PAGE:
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Old 19 April 2015, 05:32   #1
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Leaving for Loch Leven

For those not familiar with Loch Leven.. it is a narrow sea loch some 8 miles in length and less than a mile across at its widest point ..and only a hundred meters at its narrowest point. It is set among some of the most scenic mountains and moors of Scotland. Steeped in the history of clan warfare ..the small village of Glencoe nestles on its southern shore line.

I had some business to do in the area.. so packed my small Seago inflatable in the boot of my car.. and also loaded my bed and car camping gear..then headed for the wilderness once again.



The majestic mountain of Buachaille Etive Mor stands guard on the southern approach to Glencoe... and on my way to the sea loch




This must be the most photographed mountain in the whole of Scotland..especially from the River Coupall...



But it is only one of many that you pass on the southern approach to Loch Leven ... Creise stands proudly..over 3000ft above the lonely Kings House Hotel



Glencoe is named after the valley formed by the Three Sisters of Glencoe ..the mountains on the south.. and the Aonach Eagach mountain ridge to the north. These are some of the most challenging mountains to climb in the UK.



It was in this dark glen that the Clan MacDonald were slaughtered by their neighbours the Campbell clan ..in 1692. The MacDonalds who lived in the glen .. were hosts to the Campbells..offering them food and shelter when the dark deed was done... which made it all the more sinister.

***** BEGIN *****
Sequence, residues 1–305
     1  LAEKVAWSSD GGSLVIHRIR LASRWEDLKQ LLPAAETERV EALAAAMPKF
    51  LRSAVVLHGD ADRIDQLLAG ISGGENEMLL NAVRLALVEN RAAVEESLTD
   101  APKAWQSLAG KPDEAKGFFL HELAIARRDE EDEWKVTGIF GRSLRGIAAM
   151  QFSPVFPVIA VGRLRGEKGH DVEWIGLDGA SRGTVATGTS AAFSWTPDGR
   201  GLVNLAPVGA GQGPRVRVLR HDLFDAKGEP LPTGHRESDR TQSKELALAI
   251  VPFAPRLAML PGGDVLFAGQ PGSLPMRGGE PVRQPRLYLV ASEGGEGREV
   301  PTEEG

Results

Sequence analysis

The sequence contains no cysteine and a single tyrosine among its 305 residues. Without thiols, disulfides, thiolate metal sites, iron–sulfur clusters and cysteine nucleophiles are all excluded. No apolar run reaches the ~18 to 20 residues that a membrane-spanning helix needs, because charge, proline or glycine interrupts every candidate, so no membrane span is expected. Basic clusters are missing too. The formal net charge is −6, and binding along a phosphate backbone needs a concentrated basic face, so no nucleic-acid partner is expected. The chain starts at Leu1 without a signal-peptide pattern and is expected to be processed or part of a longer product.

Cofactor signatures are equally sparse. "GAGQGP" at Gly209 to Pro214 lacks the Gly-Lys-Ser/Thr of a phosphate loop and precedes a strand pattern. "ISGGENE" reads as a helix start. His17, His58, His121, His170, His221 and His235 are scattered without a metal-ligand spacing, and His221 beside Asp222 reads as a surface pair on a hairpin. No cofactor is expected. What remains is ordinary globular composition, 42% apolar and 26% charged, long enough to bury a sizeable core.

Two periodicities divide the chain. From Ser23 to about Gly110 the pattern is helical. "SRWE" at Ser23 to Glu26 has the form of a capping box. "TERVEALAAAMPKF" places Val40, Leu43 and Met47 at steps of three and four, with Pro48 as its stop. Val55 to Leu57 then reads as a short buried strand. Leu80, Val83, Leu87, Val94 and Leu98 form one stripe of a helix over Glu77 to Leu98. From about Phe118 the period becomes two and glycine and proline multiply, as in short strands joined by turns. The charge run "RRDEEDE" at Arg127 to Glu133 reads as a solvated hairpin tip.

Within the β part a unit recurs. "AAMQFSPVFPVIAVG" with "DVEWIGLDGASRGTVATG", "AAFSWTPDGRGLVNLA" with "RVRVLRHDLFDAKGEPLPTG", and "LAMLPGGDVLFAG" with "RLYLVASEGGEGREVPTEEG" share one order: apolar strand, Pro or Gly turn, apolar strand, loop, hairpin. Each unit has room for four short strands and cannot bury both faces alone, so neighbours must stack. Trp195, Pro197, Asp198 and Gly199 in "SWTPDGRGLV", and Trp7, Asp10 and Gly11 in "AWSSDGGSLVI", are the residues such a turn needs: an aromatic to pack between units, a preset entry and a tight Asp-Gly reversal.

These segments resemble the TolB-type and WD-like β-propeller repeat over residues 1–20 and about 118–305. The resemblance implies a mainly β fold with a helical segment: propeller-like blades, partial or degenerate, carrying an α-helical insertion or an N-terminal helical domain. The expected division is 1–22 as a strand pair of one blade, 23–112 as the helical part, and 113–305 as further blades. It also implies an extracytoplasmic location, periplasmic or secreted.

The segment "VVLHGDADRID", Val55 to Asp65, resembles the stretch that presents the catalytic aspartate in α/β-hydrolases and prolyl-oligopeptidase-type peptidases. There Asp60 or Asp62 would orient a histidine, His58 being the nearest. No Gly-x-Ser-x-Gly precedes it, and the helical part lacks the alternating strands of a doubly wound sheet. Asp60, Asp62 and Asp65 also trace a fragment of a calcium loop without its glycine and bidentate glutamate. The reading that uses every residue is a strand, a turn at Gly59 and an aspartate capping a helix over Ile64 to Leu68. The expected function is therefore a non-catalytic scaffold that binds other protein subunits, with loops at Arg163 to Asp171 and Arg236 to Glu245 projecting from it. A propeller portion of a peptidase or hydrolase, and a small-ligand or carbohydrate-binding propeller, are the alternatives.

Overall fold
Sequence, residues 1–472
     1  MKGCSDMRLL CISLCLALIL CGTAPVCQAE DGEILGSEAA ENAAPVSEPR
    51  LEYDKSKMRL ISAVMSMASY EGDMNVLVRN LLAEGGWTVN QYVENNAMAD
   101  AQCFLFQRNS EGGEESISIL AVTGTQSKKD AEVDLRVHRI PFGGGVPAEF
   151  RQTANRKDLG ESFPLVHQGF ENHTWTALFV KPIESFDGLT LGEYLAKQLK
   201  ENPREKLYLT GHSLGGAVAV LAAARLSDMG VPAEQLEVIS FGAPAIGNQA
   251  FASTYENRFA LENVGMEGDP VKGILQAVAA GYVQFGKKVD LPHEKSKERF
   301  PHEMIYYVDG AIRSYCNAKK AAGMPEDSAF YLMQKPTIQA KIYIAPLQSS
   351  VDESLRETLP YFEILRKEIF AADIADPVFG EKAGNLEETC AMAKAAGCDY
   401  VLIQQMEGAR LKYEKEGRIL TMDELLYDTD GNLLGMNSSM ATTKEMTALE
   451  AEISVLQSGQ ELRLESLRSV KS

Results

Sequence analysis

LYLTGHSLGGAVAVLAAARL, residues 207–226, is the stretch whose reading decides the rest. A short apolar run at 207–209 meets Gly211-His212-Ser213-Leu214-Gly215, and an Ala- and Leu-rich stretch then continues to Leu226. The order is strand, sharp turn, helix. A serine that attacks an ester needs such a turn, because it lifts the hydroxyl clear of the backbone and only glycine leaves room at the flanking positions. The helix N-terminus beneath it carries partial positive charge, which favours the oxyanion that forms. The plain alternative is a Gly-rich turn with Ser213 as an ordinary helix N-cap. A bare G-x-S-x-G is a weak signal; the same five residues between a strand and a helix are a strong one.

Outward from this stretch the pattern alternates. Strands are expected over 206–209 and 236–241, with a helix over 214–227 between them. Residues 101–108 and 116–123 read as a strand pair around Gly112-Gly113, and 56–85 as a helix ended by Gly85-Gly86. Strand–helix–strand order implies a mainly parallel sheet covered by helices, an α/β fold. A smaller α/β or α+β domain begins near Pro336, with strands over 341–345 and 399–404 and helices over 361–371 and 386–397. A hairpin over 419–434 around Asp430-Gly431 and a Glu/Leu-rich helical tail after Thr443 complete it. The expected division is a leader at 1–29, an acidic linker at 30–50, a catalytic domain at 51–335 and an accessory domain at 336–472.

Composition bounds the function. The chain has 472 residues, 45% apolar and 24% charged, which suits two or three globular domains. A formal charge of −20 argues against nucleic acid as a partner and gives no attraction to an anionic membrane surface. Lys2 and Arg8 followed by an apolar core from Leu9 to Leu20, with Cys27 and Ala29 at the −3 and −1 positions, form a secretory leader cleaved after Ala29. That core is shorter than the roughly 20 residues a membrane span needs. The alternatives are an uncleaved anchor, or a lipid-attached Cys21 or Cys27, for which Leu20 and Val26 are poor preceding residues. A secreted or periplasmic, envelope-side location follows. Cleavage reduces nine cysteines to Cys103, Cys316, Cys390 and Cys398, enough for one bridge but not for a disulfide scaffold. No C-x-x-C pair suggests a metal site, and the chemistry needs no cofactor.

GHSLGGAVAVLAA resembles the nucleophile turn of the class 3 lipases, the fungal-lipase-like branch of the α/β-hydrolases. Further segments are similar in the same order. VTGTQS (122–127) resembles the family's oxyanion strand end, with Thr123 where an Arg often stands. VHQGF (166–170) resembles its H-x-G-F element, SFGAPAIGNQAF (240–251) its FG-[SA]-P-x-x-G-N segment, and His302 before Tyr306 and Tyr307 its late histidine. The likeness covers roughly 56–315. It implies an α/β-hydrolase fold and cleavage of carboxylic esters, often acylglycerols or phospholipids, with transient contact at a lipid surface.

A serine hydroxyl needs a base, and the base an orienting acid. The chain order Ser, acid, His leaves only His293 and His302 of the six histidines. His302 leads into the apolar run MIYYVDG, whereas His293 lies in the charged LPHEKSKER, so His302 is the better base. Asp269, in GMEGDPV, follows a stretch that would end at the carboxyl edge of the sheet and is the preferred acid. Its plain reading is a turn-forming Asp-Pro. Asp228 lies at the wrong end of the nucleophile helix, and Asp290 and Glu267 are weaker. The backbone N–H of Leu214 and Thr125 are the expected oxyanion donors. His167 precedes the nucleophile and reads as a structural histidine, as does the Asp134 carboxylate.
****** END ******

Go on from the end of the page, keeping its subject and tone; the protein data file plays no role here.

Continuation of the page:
Passing through Glencoe you finally reach Loch Leven..where I intended to have my first SIB outing of the year.




But before putting SIB to water .... I had a couple of hurdles to cross... to be continued.
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Old 19 April 2015, 05:52   #2
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Nice!
Look forward to the next instalment!
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Old 19 April 2015, 05:59   #3
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Quality as usual I've walked the ridge from aonach mor over the Chancellor & the crazy pinnacles, stunning. We've also walked up the aqueduct from Kinlochleven to the reservoir at the top, very very special. Keep it coming.


.....sh1t happens.......
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Old 19 April 2015, 06:58   #4
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Thanks for looking in guys..hey you did well doing the Aonach Eagach ridge Dave..its the hardest of our ridge scrambles.. apart from the Cuillin ridge. Very enjoyable if you have a good head for heights


Now that I am in the promised land and retired.. I like to think my life is one long adventure. Even in winter I still head for the wilderness when the weather allows..only its not for SIBbing..its for Clambering. I enjoy the hurdles of Scotlandís Mountains. They are there so why waste them by ignoring them ? Hopefully you guys can be patient and tag along for this update..I will get to the SIBbing shortly. Its all part of this adventure.

There is a lot of snow left on the eastern slopes of Scotlands hills..and its still very cold at night..so my boating adventures are kept short..while I clamber the hills to keep warm. I had the mountain of Creise in my diary for a while..so arrived at the Glencoe Ski resort at lunch time on Thursday ..and got my boots out.